Three important issues to be reminded of in a single day! Luckily they’re all connected.
Starting with World Pollution Prevention Day. There’s that un-American word ‘prevention’ again.
By Chuck Woolery, Activist, Not TV Host
Our US Constitution somewhat held to this principle with the objective of preventing the abuse of government power. It initially codified multiple means of limiting the abuse of government power but those who remained fearful of it insisted on a list of Amendments as a fail-safe. The 2nd Amendment, the right to bear arms, was a good idea at the time, but to hold it to its original intent, it didn’t’ go far enough. The puny weapons defended by the NRA today are woefully insufficient to curb the power of the US military should some orange haired megalomania decide our Constitution doesn’t allow him to do what he wants, and the military does as it’s ordered. Even fully automatic AR-15s won’t stop M1 tanks or laser guided munitions from drones invisible until it’s too late. Not to mention squadrons of the most sophisticated fighter planes, billion-dollar stealth bombers, and space-based weaponry soon to be approved. The 13th Amendment was eventually included in the Constitution because it initially failed to abide by the wisdom of its own architects. More amendments are still needed but ‘We the People’ and those we have elected are more committed to infighting, resisting change, and defending party and ideological tribalism. Focusing on urgently important investments in preventing global forces that are now threatening our long-cherished freedoms and vital security, from a multitude of chaotic global factors? That’s simply not on their to-do list.
Preventing pollution? We can’t even clean up anonymous campaign finances. Forget the messes created by rigged capitalism, heavily polluting non-renewable energy sources, wasteful military spending, and filthy untruthful rhetoric. Preserving and restoring God’s creation? That would require the wisdom offered in our Declaration of Independence that praised the “Laws of Nature and Nature’s God”.
What does “World Computer Literacy Day” have to offer us? Computerized social media is ripping our nation apart. Americans know how to read and tweet. They just don’t know how to tell the difference between an opinion and a fact. Or the difference between a fundamental principle and some good idea they invented from their limited science literacy or ‘cut and pasted’ from some conspiracy-theory website. Having an educated citizenry? That doesn’t appear to be important.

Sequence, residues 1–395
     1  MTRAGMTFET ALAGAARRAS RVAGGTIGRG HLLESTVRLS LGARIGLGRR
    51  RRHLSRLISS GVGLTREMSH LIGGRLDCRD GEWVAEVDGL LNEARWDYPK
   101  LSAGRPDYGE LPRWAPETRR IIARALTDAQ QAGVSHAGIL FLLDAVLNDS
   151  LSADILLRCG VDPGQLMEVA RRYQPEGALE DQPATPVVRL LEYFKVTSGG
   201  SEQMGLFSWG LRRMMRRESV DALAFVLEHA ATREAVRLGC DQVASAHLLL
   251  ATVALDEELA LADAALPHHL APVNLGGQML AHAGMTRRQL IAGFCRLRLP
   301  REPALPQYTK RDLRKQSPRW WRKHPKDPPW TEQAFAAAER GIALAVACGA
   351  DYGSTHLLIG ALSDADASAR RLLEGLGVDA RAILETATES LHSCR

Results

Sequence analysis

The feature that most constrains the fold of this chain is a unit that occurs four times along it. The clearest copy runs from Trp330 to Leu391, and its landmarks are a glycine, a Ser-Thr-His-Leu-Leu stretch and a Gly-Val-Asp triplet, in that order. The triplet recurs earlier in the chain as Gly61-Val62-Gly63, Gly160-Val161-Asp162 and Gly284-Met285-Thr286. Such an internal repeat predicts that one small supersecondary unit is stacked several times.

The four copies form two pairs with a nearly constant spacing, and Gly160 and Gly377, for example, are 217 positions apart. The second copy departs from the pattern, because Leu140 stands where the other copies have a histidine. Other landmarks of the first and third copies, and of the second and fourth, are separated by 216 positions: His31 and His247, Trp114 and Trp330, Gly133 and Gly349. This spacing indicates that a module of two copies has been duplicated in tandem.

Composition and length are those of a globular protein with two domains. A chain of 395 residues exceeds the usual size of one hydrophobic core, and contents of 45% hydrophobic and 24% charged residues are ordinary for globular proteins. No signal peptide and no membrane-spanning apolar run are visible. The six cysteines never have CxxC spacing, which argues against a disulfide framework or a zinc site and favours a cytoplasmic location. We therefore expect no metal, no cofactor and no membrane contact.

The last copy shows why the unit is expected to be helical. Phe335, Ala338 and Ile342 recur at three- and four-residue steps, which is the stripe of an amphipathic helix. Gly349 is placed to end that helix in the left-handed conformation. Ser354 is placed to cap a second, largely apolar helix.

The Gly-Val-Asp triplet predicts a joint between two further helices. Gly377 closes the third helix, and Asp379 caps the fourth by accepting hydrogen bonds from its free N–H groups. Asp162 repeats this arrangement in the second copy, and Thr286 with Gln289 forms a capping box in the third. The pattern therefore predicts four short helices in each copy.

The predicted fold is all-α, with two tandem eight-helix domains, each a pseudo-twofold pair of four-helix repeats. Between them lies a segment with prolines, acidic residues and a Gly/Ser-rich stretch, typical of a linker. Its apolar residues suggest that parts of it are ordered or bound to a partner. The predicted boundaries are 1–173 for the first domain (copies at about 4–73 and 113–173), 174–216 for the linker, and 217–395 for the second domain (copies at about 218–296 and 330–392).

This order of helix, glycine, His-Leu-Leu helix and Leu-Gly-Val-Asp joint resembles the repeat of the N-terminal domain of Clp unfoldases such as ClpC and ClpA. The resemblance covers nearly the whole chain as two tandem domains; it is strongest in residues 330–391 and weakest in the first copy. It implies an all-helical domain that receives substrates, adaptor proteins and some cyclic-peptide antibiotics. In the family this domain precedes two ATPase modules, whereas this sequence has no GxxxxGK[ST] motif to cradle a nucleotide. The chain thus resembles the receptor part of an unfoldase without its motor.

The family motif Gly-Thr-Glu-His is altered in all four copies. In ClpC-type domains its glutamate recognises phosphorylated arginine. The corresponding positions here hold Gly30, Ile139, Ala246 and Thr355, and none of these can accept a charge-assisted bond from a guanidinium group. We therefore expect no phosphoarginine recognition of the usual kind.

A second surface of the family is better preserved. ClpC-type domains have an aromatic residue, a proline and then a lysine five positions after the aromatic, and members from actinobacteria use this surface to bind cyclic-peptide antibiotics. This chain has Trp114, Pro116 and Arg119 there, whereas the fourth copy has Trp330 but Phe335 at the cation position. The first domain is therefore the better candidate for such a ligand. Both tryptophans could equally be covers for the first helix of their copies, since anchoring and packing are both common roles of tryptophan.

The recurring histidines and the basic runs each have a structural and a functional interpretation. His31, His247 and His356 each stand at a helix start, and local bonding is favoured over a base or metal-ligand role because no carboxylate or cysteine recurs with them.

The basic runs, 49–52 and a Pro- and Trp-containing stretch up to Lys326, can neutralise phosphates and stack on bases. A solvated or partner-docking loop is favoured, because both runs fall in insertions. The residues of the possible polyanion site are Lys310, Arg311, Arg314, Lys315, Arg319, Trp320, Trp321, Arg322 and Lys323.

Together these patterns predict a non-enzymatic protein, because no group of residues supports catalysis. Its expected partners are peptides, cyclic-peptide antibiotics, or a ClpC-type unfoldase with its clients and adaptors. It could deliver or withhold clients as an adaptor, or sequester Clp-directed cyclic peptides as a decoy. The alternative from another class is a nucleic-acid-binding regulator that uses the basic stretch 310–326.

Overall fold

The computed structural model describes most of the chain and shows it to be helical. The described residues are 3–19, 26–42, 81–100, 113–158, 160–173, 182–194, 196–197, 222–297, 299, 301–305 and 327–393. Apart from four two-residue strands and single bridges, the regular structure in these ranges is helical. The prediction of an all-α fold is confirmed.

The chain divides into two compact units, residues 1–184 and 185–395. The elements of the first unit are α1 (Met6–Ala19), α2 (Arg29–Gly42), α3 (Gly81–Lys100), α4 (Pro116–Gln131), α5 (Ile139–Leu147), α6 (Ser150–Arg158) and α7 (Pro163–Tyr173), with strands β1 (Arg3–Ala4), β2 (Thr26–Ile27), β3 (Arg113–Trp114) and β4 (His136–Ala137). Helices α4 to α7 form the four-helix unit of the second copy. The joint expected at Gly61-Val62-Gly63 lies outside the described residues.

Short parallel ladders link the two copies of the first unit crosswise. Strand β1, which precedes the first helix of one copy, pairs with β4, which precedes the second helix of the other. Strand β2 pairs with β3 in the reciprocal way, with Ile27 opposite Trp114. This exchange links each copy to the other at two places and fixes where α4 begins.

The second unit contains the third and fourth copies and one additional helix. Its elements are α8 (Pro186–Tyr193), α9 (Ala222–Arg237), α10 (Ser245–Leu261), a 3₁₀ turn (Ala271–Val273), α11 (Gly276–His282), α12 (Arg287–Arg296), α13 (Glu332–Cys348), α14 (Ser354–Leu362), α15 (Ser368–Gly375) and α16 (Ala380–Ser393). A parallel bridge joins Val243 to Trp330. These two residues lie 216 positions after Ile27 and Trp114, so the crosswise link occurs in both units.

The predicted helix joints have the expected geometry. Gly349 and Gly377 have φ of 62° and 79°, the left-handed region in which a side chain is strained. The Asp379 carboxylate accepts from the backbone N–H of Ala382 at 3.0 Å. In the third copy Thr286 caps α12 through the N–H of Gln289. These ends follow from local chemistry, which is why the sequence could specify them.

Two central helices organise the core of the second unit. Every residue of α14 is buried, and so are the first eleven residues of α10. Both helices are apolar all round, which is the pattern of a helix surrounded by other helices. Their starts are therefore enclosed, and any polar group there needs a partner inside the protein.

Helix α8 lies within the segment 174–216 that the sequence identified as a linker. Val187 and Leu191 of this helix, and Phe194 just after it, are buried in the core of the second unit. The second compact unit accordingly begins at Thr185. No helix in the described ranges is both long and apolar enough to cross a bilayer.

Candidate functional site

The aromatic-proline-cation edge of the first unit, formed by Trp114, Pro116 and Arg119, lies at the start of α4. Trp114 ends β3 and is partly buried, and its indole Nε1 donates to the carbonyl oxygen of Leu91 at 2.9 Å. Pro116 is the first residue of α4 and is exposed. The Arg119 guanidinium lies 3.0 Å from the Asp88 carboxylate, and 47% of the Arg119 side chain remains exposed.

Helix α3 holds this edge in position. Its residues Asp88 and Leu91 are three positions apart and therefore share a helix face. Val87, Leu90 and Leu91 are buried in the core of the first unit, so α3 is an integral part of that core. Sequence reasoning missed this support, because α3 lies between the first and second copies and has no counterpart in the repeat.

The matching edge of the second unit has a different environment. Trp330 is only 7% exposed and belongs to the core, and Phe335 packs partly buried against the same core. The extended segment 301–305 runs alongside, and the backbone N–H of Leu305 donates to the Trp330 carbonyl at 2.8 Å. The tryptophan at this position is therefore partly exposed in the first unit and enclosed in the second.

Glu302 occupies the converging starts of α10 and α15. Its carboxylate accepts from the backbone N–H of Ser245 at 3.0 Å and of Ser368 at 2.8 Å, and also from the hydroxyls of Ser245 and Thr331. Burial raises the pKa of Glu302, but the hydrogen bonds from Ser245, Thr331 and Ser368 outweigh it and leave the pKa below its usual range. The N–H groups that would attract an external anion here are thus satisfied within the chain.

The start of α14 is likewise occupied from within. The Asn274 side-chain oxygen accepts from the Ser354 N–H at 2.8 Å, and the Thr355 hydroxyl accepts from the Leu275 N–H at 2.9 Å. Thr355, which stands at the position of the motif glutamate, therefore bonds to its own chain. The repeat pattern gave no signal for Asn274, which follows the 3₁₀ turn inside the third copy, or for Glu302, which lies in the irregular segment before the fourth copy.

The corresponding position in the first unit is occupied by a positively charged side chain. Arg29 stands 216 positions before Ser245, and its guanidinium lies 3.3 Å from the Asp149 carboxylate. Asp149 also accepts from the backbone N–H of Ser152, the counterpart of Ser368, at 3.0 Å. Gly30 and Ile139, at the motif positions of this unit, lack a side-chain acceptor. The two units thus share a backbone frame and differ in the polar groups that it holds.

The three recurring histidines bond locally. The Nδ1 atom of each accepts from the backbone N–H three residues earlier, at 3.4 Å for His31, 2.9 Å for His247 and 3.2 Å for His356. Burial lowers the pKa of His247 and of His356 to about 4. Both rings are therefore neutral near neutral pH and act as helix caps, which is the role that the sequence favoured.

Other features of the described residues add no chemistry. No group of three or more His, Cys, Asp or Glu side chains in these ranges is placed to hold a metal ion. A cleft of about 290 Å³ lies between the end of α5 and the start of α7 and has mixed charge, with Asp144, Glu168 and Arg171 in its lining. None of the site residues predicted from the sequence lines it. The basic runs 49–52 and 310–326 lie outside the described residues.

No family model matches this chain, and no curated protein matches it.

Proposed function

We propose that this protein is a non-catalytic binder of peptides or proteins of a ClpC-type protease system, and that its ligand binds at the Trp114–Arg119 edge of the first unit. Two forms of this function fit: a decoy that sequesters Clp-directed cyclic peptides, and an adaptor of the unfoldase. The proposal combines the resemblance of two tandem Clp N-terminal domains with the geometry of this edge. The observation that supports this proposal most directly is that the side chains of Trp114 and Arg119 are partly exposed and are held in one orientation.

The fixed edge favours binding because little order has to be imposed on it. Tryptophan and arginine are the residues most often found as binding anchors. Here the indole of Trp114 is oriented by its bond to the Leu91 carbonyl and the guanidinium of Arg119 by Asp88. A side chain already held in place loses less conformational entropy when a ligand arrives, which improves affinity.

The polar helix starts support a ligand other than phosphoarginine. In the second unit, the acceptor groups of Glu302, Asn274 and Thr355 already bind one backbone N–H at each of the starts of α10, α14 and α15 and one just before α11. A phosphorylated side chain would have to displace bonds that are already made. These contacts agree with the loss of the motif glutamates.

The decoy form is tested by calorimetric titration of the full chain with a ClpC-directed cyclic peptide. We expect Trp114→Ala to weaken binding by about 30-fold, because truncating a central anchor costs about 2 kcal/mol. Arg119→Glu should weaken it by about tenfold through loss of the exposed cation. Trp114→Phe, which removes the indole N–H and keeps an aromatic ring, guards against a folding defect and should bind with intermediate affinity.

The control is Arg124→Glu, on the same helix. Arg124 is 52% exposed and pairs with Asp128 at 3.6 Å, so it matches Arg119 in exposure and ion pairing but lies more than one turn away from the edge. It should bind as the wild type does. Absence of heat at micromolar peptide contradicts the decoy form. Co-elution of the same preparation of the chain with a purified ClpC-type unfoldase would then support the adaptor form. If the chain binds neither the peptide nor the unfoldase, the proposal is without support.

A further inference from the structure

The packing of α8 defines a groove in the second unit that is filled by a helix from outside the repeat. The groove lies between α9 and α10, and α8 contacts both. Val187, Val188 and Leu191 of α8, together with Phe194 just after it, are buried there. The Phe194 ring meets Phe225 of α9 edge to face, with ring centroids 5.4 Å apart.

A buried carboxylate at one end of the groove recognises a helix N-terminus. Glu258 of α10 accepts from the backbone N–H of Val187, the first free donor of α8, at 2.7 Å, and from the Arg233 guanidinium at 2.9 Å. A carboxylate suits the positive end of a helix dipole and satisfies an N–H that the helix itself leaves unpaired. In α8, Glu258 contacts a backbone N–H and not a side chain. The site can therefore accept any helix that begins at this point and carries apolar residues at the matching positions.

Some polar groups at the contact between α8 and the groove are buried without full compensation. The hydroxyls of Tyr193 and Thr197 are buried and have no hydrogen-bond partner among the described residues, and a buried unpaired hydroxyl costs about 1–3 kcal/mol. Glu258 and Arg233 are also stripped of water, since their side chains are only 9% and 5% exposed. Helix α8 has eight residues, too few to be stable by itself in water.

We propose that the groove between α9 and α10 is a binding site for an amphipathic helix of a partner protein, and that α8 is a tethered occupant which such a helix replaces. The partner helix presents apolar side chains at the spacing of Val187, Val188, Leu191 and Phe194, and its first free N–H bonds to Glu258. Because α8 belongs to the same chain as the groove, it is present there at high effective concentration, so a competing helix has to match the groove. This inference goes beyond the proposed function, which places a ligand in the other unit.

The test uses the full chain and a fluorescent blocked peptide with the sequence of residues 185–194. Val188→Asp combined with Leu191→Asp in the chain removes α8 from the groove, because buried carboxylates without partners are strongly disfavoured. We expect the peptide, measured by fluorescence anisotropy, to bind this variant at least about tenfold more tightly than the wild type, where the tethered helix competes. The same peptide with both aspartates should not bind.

“The advancement and diffusion of knowledge is the only guardian of true liberty.” – James Madison
“Liberty cannot be preserved without a general knowledge among the people” – John Adams
Is it any wonder Trump is our President? Even before Trump was elected a survey of our government’s own national security experts saw our own “dysfunctional government” as the second greatest threat to our national security. Terrorism remained their top choice.
“There is no defense or security for any of us except in the highest intelligence and development of all.” Booker T. Washington
The website InternetWorldStats.com estimates that nearly 2.5 billion people, or about 33 percent of the world’s population, have access to the Internet using a computer or mobile phone. Given the profound value of education and the unprecedented capacity to cheaply provide a basic education to all the world’s children — it seems wise to make it happen regardless of the economic costs. It is one of the 17 Sustainable Development Goals that every nation has already approved. https://en.unesco.org/education2030-sdg4/targets
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Given the inevitable unaffordable cost in lives, dollars, freedom, and security — of failing this goal – this investment in the future would seem to be a no-brainer. But given the narrowly focused election-oriented Congress we elected it is a safe wager that they will not make this investment a priority. Prevention of problems? That’s just un-American.
And that brings us to the need to conveying awareness of the “International Day for the Abolition of Slavery”. Yes. Slavery still exists. An estimated 40.3 million people are in modern slavery, including 24.9 in forced labor and 15.4 million in forced marriage. There are 5.4 victims of modern slavery for every 1,000 people in the world (1 in 4 are children).
December 2nd marks the date of the UN’s General Assembly’s adoption of the Convention for the Suppression of the Traffic in Persons and of the Exploitation of the Prostitution of Others (resolution 317(IV) of 2 December 1949). You can more here.
Contemporary forms of slavery, such as trafficking in persons, sexual exploitation, forced child labor, forced marriage, and the forced recruitment of children for use in armed conflict also seems like a no-brainer. But it’s not as easy as it sounds. People’s greed and selfish economic interest still rules the day in most nations.
The world’s most widespread form of modern-day slavery is debt bondage — when people borrow money and cannot repay, they are required to work to pay it off, losing control over the conditions of both their employment and the debt.
Human trafficking- involves transporting, recruiting or concealing people using violence, threats or coercion. Descent-based slavery is when people are born into slavery because their ancestors were captured and enslaved. Their descendants remain in slavery.